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CHRIS SPEED, blending URL/IRL alternatives to the white cube aesthetic

Interview by Olya Karlovich

Chris Speed (CVS), a Goldsmiths Computational Arts program student, began his career solely as a digital artist. But his passion for music, rooted in teens spent at dubstep parties in London, only grew more robust over the years. So, he eventually started DJing and producing himself under the moniker CSV. And today, the artist’s track record includes releases on labels such as Off Me Nut, Cherche Encore, Human Error and The Games We Play, as well as gigs at iconic venues across the UK. 

Chris’s music draws on different influences like dubstep, jungle, grime, and UK garage. And, of course, Wave plays a special role in his work. The subgenre originated in online communities of the early 2010s and is a perfect reflection of a generation whose worldview and cultural code were shaped on the vast expanses of the World Wide Web. Shortly before the pandemic struck the world, Wave had gradually begun to transition from URL to IRL. It has intrigued dance floors by shifting the focus from rhythmic structures and aggressive beats to emotional and dreamy soundscapes, which is not so usual for today’s club music. This new dynamic is also felt in CSV’s tracks. Combining intense bass with cinematic, sometimes naive, melodies and mutated vocals, he generates captivating sonic worlds where nostalgia and futurism coexist harmonically. 

In his production process, Chris uses both algorithmic composition and hardware synthesizers. According to the artist, he likes to utilize old-school instruments to get a new sound. This approach he professes in visual art too. His ERROR 404 video, selected for the Smack My Glitch Up exhibition at DKUK Salon, is a perfect example of analogue mixing with digital.

Chris’ visual practices have evolved from modernizing vaporwave aesthetics with 3D software to working with interactive technologies such as virtual reality, artificial life systems, and photogrammetry. He got a wide range of projects under his belt, from music videos and commercials to live performances for art and music events.

In one of his installations, titled Mutable, the artist combined the latest VR technology with custom software to connect real-time particle simulations to music and redefine how we perceive our bodies within virtual worlds. An interesting feature of the artwork was that it used both internal (virtual reality) and external space. Thereby, the spectators were deeply incorporated into a sensory experience.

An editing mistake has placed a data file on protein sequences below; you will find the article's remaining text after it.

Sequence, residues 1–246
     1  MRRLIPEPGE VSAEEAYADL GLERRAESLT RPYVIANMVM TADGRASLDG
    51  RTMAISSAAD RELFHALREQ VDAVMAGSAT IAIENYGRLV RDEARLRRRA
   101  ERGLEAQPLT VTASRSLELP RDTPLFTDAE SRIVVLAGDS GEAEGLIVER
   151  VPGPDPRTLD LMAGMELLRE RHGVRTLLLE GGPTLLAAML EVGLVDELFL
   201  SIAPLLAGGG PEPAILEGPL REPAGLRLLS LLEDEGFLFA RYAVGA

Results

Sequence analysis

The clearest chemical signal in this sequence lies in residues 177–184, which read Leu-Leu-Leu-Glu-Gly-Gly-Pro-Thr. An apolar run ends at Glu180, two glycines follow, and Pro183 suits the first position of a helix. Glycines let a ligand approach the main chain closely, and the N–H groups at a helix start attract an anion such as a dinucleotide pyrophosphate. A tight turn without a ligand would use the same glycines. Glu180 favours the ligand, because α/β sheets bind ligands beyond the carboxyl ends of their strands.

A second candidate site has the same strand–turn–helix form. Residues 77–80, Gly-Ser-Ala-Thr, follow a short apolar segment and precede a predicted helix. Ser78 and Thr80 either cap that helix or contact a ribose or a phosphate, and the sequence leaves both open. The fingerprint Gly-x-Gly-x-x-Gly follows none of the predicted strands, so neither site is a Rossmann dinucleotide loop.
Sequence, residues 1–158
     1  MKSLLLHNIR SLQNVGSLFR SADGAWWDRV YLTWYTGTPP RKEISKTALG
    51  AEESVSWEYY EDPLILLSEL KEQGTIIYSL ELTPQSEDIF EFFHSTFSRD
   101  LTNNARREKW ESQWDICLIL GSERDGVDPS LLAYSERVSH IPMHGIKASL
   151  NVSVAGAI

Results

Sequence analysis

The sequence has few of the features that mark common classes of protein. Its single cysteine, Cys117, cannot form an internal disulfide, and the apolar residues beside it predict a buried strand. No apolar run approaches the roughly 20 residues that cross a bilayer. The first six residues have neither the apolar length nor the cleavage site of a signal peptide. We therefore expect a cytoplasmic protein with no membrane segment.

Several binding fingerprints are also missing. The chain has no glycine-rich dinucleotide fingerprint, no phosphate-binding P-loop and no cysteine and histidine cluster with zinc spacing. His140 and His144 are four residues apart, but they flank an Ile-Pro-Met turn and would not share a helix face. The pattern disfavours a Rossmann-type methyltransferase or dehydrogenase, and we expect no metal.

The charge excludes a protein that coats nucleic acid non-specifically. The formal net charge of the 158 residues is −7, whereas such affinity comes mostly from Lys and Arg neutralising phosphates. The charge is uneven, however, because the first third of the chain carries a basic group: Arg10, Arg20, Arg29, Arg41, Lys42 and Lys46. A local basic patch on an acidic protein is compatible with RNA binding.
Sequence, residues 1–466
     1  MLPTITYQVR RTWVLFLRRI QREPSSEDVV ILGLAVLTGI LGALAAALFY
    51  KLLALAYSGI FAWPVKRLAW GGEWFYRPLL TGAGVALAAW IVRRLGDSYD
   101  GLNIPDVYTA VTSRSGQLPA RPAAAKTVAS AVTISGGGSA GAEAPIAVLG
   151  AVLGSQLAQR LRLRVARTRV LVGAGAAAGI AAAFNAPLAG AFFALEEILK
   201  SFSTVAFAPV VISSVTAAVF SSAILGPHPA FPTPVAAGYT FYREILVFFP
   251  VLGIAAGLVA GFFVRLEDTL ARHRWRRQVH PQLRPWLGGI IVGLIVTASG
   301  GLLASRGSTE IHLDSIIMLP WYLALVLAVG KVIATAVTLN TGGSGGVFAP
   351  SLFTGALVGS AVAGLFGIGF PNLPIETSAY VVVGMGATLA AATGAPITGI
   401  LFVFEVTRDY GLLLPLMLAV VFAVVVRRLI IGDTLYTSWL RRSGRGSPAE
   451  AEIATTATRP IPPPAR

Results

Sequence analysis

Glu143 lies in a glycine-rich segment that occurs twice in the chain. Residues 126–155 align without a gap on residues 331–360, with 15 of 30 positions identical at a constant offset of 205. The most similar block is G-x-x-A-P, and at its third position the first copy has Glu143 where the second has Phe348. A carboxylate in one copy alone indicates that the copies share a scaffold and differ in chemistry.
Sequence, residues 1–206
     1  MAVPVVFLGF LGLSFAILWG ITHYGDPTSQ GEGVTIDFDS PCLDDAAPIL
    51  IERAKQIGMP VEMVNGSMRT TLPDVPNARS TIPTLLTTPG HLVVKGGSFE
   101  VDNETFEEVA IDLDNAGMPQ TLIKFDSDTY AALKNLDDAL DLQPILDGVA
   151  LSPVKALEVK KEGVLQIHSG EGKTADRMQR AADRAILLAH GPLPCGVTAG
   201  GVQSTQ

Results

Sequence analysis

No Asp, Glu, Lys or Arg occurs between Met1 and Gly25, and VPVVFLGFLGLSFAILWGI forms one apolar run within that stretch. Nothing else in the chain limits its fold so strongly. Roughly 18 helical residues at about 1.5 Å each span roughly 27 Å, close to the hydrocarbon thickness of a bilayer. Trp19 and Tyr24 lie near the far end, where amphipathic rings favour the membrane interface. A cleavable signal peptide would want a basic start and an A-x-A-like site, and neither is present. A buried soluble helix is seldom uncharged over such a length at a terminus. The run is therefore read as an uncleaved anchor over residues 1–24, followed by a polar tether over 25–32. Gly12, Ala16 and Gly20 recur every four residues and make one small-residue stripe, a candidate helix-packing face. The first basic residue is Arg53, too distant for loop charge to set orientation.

One of the next logical steps in expanding his audiovisual worldbuilding, Chris sees the incorporation of a lore aspect. By the way, he already experimented with weird fiction within the Paraspaces group exhibition. Among other things, the artist focuses on working with communities.

Being a part of the wave movement for almost a decade, Chris understands how important cooperation and creative exchange are in generating and implementing ideas, especially after the global lockdown. Today he collaborates with such platforms as In.Grid (Arebyte Gallery / Goldsmiths Comp Arts), Schemata (Corsica Studios), SODAA and more recently FuturShock (FOLD) and is sure that IRL / URL club spaces can be a modern alternative to the ‘white cube’ gallery model.

Your creative practice reflects an interest in technology and its advancement from the technical perspective and also more profoundly at the conceptual level. How do you incorporate these approaches into your work as an artist and producer?

I try not to fetishise new software or hardware too much, but this can be difficult living in a consumer-based society. Particularly in the music production world with “Synthfluencer” culture, there are always new toys to play with, so I just reuse the same old plugins and decade-old hardware synths. I like the idea of using retro gear but striving for a futurist sound, like how jungle and footwork accelerated dub and ghetto house.

In the visual sense, I am a victim of platform capitalism as much as anyone else experimenting in this field. Despite the seeming fads of virtual reality and machine learning, I still think these are rich areas to explore as a new media artist. I believe this comes from my childhood love of science fiction and how we can use these technologies for storytelling. Though we all need to gain control of these tools early on, if we want to steer the narrative to a collective utopian vision

Your early visual work stems from your involvement in the UK wave scene, contributing to modernizing vaporwave aesthetics with 3D software. Your current visuals are still heavily based on 3D, but how has the evolution from the early stuff to your current aesthetic been?

Back then, I was still learning the ropes, so I had to follow Youtube tutorials and try to emulate my favourite artists. I’m still quite involved in the wave scene; it’s been great to reincorporate all the new skills and knowledge I have developed through years of study.

My visual aesthetic these days is more inspired by real-time simulations of evolutionary algorithms. Processes such as Reaction Diffusion, Diffusion Limited Aggregation, L-Systems, Fractals and Particle Behaviours etc.

Since Mutable VR there is also an emphasis on the phenomenological aspect of my practice by individuating posthuman bodies rather than just digital avatars. Sounds cringe, but I now try to look inwards for inspiration rather than to other artists.

Tell us about your work with communities, something you have been putting your interests in recently. Could you tell our audience about some of these projects you have been working on? And what has been (or it’s being) the most exciting part of engaging with these projects for your practice development as well?